Tuesday, 7 June 2011

At the University

Walking about the humanities campus of the Universidad de Chile I am struck at how little it resembles my own humanities campus back in moderate, apathetic and politically correct Southampton. This place bears a general resemblance to University campuses world over: ripped jeans and 70's-band-Tshirt wearing youths scattered about on the grass chatting and smokingaway , books and backpacks neglected at their sides; the odd guitar player perched on a banister or gate; queues protruding out of buildings suggesting the presence of either an eatery or a bathroom.

The first thing that strikes me are the banners. Draped over every staircase, posted on every wall, doorway, notice-board and the back of every chair. Banners advertising Marches in protests of something or another, inviting Young Chile to join the political group that will eradicate such-and-such by standing up and defeating the beast of insert-capitalist-mechanism-here. Lefties, all over the place.

If one were not in the capacity to read spanish, one would not be at great loss, for the tendencies of these banners and (I assume) the people who put them there is undeniable. On every corner, every building, many notebooks and even on the pavement underfoot are red and black variations of every left-wing symbol you could imagine: red hammer black star; gold hammer and sickle and red star, red star and black sickle, gold star and red hammer and sickle; and all with an assortment of anagrams at the centre. As I begin the 15 minute walk to my classroom I make mental notes some of the symbols I come across to ask some of my more politicized Chilean friends about later. After a minute or so I give up. L.P.D, C.U.T, C.C.C. P.T.C,... There's only so much space in one's head at any one time!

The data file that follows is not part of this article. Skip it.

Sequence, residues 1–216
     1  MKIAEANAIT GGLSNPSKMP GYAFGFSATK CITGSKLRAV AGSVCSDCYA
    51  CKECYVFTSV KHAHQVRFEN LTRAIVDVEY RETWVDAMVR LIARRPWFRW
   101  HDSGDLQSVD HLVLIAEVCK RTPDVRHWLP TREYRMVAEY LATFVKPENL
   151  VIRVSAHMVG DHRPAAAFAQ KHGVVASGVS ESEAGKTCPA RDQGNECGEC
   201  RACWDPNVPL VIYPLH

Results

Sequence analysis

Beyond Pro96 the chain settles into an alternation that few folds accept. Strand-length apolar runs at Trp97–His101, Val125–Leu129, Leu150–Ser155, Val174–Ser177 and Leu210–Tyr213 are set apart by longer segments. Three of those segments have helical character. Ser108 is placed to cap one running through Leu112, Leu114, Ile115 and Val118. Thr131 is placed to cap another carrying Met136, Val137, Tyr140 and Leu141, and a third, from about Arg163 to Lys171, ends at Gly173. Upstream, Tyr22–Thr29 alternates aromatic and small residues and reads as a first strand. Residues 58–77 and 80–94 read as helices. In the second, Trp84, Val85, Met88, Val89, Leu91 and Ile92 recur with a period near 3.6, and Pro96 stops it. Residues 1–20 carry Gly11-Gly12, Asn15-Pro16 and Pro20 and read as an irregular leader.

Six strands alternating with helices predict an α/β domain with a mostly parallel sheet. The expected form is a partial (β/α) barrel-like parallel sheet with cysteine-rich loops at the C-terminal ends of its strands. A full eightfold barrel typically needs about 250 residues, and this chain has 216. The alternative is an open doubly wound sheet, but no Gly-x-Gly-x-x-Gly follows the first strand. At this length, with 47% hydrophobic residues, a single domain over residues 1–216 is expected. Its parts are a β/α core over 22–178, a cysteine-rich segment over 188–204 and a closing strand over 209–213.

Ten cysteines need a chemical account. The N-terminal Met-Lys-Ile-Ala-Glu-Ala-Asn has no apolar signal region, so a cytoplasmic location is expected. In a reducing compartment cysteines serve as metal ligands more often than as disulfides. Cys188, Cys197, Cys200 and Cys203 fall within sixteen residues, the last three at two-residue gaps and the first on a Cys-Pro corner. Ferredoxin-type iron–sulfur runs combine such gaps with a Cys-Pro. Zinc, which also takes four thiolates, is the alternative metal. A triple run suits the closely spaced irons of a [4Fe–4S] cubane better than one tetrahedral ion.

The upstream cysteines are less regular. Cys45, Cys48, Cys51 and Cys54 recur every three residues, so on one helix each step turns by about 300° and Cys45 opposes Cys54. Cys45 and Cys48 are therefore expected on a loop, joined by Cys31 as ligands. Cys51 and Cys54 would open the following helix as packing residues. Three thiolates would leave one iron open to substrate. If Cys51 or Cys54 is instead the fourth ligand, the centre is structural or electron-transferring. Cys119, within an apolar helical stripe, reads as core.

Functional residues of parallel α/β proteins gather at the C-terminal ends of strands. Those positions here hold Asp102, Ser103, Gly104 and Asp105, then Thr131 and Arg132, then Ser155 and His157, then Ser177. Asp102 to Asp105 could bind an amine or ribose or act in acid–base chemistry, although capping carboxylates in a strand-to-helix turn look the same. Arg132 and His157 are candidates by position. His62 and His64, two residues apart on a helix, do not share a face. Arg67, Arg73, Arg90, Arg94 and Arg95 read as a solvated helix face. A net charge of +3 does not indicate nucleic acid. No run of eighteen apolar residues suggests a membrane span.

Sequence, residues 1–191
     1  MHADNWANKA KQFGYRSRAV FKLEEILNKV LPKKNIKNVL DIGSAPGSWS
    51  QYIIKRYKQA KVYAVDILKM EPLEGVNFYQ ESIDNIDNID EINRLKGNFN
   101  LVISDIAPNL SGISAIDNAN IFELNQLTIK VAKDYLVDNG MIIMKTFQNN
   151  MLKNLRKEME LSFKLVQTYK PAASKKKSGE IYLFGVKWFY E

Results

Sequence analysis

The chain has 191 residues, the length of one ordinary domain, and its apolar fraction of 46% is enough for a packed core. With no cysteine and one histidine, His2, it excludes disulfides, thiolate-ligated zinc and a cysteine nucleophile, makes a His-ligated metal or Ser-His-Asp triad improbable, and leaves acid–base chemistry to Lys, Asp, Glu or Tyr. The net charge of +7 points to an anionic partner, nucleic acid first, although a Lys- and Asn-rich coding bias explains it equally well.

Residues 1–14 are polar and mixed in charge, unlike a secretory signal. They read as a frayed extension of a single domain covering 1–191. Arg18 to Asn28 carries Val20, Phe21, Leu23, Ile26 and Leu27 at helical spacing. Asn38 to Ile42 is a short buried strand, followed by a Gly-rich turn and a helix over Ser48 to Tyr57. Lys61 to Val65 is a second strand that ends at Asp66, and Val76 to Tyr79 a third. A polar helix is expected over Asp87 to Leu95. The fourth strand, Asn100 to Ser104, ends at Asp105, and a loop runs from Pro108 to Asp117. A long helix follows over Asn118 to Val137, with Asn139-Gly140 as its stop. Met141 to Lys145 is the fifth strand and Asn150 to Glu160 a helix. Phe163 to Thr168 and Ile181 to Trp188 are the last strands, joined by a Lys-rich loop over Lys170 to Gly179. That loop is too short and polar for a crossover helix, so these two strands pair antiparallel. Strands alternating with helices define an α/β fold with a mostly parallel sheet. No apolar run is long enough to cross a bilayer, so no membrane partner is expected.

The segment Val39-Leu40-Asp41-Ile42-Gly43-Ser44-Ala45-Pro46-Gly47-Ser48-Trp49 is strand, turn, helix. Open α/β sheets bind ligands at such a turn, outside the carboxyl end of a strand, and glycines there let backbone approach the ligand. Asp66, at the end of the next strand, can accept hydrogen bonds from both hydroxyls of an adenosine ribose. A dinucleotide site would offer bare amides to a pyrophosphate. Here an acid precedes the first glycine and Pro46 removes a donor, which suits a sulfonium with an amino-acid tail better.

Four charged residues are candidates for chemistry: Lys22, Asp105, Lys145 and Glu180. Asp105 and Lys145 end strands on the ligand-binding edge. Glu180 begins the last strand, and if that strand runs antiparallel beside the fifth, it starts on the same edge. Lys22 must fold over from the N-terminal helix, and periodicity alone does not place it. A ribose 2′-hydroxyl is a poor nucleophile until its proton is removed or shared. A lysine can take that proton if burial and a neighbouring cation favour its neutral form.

Speaking to the friends I have made here, and some of the students at this University (The best in Chile and one of the best in Latin America), it's fascinating to see how multi-faceted political awareness and activism is here. On the one hand, yes, Latin American and Chilean youth are more politically aware and hands-on when it comes to their education and environment, taking to the streets at the mere hint of reform or policy that is not in their best interest. Yet getting to know these people individually, given that most of the friends I have made here are movers and shakers in their various political groups, there is also a strong element of community at play. Aligning oneself with a particular ideology, and with others who think the same way as you does not only offer a sense of acting in the name of social-justice, but also a sense of belonging, a collective righteousness. This could be why so many of the politically active in the country are under 30. I will not attempt to assess whether this is a good, bad, temporary or unhealthy state of affairs, just that it is the way it is.

The one thing I do know, is I would trade the social awareness and political conciousness of Santiago for the general apathy of the UK in a heartbeat!

1 comment:

  1. Why didn't you tell me you were coming to the Uni!